EDITOR’S NOTE: This editorial appeared in the May 23, 2005, issue of National Review.
With the retirement of an ailing Chief Justice William Rehnquist expected soon, the mind of the Bush administration has been turning to his replacement. The White House has been getting advice, not all of it solicited. Liberal legal commentator Jeffrey Rosen wrote in The Atlantic Monthly that Rehnquist had been a very “impressive” and “successful” chief justice because of his lack of ideology, and implied that Bush should find someone similar.
#ad#We cannot agree. Rosen counts Rehnquist as a success by defining success too narrowly, as a matter of preserving the Court’s comity and reputation. Rehnquist was much less successful in getting the Court to embrace a principled constitutionalism in exercising the power of judicial review. The Rehnquist Court has seen modest improvements on church and state, on criminal procedure, and, more debatably, on federalism. In general, however, it has not achieved the return to constitutional principle that conservatives had hoped for.
This failure was only partly his fault. His effectiveness in steering the Court toward constitutional sanity, especially when it comes to respecting the constitutional limits of its own power, has been damaged by his inability to articulate and defend consistent legal principles–an inability that flows from his not really holding such principles, as opposed to generally favoring conservative results. There is a reason that liberals inveigh against Justices Antonin Scalia and Clarence Thomas and leave Rehnquist alone.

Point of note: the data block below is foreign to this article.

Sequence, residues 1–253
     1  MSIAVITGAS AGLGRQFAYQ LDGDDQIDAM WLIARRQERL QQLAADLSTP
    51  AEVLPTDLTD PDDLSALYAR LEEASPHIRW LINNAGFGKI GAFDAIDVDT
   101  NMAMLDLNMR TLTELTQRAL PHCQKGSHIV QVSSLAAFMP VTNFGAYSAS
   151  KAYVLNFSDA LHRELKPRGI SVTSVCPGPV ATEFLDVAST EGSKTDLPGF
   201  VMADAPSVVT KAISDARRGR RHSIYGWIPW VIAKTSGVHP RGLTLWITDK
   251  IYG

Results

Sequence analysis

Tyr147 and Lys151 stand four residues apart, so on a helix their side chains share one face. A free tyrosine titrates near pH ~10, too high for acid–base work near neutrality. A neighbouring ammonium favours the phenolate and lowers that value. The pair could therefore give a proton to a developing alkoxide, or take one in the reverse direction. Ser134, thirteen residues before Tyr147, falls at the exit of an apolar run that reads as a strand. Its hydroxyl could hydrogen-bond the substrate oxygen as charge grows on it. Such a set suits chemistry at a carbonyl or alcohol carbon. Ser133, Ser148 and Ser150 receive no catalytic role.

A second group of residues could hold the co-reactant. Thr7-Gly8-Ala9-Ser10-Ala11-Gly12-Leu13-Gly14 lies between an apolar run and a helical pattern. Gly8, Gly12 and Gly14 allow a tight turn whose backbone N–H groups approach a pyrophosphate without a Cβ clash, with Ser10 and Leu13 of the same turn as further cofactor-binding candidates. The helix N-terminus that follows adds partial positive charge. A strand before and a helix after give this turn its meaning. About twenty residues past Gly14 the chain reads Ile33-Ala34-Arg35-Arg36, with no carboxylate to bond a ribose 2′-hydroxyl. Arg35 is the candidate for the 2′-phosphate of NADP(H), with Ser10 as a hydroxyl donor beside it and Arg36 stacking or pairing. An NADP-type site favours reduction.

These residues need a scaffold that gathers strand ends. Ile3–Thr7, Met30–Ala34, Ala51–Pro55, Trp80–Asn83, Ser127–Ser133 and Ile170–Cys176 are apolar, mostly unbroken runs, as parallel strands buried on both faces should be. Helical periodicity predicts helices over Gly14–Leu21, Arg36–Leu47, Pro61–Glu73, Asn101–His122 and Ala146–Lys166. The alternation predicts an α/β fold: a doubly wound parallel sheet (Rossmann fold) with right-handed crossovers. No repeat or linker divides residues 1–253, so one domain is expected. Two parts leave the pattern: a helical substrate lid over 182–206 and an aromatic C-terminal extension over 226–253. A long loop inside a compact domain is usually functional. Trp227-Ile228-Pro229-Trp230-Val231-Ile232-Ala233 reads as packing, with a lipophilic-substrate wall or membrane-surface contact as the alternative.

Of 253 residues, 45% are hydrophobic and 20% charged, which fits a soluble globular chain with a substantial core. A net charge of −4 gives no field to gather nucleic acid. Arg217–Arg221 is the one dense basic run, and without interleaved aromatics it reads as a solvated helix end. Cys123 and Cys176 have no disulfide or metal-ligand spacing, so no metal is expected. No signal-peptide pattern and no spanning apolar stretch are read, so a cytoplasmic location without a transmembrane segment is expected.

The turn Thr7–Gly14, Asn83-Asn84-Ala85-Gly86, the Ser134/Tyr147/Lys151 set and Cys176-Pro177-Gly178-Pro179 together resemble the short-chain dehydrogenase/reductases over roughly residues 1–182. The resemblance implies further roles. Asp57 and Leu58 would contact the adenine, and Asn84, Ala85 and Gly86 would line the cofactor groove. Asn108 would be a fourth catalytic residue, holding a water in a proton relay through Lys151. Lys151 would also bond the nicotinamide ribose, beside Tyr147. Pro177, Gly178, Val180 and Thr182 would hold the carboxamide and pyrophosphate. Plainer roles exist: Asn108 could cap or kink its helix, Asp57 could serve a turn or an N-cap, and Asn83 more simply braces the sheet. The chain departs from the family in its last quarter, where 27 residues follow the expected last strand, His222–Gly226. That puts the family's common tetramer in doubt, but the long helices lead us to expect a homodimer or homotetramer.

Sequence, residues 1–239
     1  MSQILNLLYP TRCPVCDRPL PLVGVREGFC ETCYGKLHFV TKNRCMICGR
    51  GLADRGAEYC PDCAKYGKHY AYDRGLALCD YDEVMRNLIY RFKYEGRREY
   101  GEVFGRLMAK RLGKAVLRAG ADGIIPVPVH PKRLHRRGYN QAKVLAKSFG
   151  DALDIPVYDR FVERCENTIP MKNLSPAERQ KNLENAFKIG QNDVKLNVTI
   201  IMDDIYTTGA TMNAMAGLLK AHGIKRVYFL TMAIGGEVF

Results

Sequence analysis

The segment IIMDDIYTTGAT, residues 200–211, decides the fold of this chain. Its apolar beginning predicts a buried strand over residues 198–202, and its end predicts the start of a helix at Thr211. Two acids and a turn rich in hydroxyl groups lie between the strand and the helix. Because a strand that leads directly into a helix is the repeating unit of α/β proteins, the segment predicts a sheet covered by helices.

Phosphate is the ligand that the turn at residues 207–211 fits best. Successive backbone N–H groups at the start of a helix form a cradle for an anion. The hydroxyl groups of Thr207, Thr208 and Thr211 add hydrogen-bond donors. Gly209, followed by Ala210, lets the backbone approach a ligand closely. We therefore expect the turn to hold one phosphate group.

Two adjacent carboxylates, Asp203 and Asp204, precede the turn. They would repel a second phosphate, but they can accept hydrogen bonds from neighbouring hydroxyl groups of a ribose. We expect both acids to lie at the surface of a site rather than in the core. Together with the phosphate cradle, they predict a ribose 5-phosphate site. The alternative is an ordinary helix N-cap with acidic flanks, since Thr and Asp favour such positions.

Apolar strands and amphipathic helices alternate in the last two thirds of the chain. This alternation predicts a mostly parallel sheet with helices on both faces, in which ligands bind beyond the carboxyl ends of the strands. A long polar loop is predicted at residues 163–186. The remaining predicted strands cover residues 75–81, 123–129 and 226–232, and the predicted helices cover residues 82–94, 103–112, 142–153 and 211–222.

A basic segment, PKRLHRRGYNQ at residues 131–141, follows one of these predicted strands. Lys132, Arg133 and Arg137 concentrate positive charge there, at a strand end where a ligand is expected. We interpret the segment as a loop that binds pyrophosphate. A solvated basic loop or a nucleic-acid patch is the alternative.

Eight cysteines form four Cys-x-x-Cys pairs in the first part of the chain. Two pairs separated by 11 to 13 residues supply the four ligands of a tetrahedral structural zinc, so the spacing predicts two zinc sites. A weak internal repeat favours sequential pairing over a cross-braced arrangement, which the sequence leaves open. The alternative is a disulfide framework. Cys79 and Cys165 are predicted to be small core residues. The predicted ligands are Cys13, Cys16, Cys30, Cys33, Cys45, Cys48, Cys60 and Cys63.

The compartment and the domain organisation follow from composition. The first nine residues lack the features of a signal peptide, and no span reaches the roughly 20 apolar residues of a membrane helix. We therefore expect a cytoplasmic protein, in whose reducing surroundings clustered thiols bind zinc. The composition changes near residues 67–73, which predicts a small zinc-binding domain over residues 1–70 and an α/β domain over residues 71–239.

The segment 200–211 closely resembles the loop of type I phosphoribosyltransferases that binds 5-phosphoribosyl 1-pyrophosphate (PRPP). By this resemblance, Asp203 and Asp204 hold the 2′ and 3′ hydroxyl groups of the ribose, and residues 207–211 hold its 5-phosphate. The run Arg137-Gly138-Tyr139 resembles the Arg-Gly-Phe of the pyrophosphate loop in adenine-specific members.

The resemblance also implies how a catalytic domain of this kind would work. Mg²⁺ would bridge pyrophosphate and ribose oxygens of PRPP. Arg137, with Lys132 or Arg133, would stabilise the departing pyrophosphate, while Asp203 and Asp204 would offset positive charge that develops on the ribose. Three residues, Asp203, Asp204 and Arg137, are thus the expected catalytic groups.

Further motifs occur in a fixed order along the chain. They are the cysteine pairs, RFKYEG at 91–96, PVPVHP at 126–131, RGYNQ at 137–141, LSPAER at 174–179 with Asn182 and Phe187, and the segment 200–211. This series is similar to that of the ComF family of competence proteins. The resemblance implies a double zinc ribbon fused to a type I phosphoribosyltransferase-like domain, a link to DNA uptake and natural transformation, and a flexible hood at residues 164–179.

But there is also a limit to what any chief justice can do. The lineup of justices on the Court ultimately matters more than who is managing it. If Justice Sandra Day O’Connor had been chief justice over the last 30 years and Rehnquist an associate justice, it is hard to believe that the Court’s jurisprudence would look markedly different.
It follows that conservatives should care far more about the identity of any new justice than about who will be chief. To elevate Justice Scalia or Thomas to chief would not compensate for the addition of another justice in the mold of Anthony Kennedy or O’Connor. Conservative resources would be better spent fighting for a new conservative justice than fighting for the elevation of one of the current ones. The administration should therefore look for a chief justice outside the current Court. It also follows that if it does, it should look for most of the same things it should look for in any justice: above all, a respect for the text of the Constitution as it was understood by the ratifying public. The would-be justice should also respect the Court’s precedents–but when those precedents are seriously out of line with the constitutional text, he should be willing to overrule them. The presence of that willingness is especially important in an era where the Court has taken on so many responsibilities and faces few effective checks. The Court’s errors have become more important, and if the Court will not correct them itself it is unlikely anyone else will.
This group of justices has been together for a long time now. It has been eleven years since the last new justice was confirmed. The Court could do with an infusion of intellectual energy. Someone with heft, who already commands the respect of the other justices, would seem to be ideal, if any such jurist can be found.